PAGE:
“The lovely thing about party themes is that every child is unique with what they love,” says Pearce. “Party theme trends are always changing, depending on what new movie, book or toy is on the market but I think it’s important that the child’s loves are considered rather than just what is popular that year.”

You don’t need to break the bank when decorating the space. “At one of our most lavish parties, the thing that the kids got most excited about was a £50 cardboard colour-in shed from Amazon that they could all engage with,” recalls Niemierko, who also suggests parents dress up to set the tone of the theme.



“The running order of our kids’ parties is always games, eating, crafts, cake and departure,” says Niemierko. 

Perennial favourites like pass-the-parcel, musical statues or musical chairs are firm favourites, while themed treasure hunts can offer an opportunity to inject a little education into the proceedings.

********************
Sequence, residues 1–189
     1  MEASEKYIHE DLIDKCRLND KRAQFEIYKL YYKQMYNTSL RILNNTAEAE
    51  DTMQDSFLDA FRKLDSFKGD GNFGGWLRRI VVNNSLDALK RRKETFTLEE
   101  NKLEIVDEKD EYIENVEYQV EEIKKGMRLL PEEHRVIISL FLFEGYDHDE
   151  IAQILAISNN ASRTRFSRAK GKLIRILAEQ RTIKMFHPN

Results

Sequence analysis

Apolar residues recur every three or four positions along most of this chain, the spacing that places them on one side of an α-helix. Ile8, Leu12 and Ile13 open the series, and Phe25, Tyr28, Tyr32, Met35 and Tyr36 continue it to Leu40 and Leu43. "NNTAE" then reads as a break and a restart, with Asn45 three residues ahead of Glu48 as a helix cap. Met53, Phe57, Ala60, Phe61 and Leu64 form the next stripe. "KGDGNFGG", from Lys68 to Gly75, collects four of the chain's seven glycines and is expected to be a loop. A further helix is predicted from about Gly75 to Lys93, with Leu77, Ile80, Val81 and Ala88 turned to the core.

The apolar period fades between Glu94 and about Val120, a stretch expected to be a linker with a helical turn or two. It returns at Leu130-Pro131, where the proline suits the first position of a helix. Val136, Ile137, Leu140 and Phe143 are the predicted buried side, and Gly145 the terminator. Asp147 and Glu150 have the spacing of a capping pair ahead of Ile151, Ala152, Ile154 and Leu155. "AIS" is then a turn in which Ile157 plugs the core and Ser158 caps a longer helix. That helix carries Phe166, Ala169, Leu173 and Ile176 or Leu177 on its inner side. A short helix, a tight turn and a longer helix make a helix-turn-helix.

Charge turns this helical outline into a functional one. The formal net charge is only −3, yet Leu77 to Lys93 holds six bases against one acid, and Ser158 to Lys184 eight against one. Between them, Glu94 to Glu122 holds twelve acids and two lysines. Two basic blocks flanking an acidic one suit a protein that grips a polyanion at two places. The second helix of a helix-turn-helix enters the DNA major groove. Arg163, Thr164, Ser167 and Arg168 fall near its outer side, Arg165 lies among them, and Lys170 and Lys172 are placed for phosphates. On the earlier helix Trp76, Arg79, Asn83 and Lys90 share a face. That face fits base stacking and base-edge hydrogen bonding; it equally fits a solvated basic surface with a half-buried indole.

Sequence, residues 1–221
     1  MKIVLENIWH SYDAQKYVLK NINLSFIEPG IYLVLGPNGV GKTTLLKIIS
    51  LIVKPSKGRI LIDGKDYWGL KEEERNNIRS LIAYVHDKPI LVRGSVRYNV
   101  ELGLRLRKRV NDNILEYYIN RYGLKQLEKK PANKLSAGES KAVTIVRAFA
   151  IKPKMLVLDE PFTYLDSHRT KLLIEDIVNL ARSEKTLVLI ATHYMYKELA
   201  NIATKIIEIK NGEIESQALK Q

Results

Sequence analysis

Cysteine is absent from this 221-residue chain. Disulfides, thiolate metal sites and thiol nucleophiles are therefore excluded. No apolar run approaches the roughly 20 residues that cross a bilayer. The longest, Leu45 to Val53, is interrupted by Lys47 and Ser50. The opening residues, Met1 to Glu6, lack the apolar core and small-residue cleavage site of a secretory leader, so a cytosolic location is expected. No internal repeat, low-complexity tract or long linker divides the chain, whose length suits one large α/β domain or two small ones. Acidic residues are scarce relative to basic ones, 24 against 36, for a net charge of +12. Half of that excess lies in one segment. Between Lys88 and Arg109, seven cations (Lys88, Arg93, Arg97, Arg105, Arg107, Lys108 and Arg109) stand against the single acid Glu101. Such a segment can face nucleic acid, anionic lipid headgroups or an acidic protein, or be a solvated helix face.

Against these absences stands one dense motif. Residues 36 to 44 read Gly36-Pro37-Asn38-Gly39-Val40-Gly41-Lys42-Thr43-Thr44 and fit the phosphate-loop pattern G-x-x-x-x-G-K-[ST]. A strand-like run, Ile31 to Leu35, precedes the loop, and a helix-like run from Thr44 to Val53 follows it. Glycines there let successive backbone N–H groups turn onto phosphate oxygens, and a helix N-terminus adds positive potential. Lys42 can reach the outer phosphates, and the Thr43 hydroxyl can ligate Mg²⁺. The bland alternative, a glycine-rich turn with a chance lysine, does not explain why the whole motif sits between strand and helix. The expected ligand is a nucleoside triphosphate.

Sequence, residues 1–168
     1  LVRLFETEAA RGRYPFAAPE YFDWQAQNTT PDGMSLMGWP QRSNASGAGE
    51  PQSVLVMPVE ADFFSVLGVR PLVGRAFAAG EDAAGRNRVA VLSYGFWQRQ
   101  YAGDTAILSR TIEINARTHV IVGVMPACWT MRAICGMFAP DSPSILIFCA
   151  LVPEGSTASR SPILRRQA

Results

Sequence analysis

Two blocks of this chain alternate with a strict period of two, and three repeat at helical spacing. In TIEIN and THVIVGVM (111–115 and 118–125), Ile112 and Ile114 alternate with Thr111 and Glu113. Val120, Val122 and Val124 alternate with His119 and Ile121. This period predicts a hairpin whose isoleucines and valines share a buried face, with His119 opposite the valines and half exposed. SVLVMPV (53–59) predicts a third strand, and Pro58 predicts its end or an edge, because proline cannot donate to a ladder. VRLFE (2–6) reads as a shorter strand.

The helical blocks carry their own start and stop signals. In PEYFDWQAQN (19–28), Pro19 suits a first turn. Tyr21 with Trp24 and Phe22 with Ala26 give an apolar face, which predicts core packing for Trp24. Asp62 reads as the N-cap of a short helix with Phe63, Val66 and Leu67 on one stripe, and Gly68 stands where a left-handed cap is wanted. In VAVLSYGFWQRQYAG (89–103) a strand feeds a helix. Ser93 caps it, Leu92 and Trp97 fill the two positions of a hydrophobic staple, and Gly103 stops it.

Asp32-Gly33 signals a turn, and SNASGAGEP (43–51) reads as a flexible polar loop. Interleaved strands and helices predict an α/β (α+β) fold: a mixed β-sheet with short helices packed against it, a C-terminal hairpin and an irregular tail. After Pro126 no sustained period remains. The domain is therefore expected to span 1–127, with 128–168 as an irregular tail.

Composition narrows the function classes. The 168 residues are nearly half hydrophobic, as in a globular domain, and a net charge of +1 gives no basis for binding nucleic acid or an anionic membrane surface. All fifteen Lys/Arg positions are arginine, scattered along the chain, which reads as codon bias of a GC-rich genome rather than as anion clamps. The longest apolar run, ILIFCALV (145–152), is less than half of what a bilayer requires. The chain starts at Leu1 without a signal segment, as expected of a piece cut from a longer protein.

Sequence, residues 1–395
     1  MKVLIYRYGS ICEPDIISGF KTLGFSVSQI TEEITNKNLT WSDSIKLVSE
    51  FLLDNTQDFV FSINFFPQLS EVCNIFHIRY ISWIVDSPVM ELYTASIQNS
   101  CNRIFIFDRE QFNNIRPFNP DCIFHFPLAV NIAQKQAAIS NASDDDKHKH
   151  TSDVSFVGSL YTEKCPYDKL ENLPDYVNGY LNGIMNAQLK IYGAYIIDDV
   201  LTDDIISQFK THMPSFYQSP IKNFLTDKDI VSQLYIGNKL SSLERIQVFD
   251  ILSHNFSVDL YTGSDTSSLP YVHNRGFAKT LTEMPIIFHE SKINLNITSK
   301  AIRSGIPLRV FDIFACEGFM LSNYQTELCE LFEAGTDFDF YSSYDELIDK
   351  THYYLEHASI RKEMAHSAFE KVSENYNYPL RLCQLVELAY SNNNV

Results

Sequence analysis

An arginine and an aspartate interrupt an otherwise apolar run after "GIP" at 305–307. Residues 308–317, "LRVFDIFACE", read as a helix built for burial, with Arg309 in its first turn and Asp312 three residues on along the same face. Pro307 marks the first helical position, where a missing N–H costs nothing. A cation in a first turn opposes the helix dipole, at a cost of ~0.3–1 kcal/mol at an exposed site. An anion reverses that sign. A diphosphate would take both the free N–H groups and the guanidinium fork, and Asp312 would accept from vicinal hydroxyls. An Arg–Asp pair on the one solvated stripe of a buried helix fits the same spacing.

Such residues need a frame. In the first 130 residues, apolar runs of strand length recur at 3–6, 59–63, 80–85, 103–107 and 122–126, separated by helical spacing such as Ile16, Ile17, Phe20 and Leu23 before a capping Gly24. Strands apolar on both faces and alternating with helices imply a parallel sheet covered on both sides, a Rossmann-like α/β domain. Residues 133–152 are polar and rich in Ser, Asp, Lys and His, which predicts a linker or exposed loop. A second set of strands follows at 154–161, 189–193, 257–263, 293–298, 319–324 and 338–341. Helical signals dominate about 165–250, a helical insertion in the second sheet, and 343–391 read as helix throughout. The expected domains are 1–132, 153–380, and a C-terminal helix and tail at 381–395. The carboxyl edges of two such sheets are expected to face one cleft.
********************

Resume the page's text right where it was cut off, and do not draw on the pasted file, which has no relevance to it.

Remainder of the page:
Setting up a little craft table where kids can create something in line with your theme is an engaging activity. Set them to decorating regal accoutrements, fairy wings, cutlasses or T-shirts for a while after they’ve eaten. 

“Kids really love to feel included, so giving them all something on arrival in line with your theme is a great way to get them all feeling included from the start,” suggests Niemierko. “You’d be amazed at how excited a 3-year-old can get about something as simple as the lanyards we handed out at a London Underground-themed party. Little high-vis vests, fairy wings, shields or crowns are all great options.”



“If you are hosting the party at home, you want mess-free options. For the children, individual food boxes are perfect and you can tailor the menu and consider any allergies,” advises Pearce.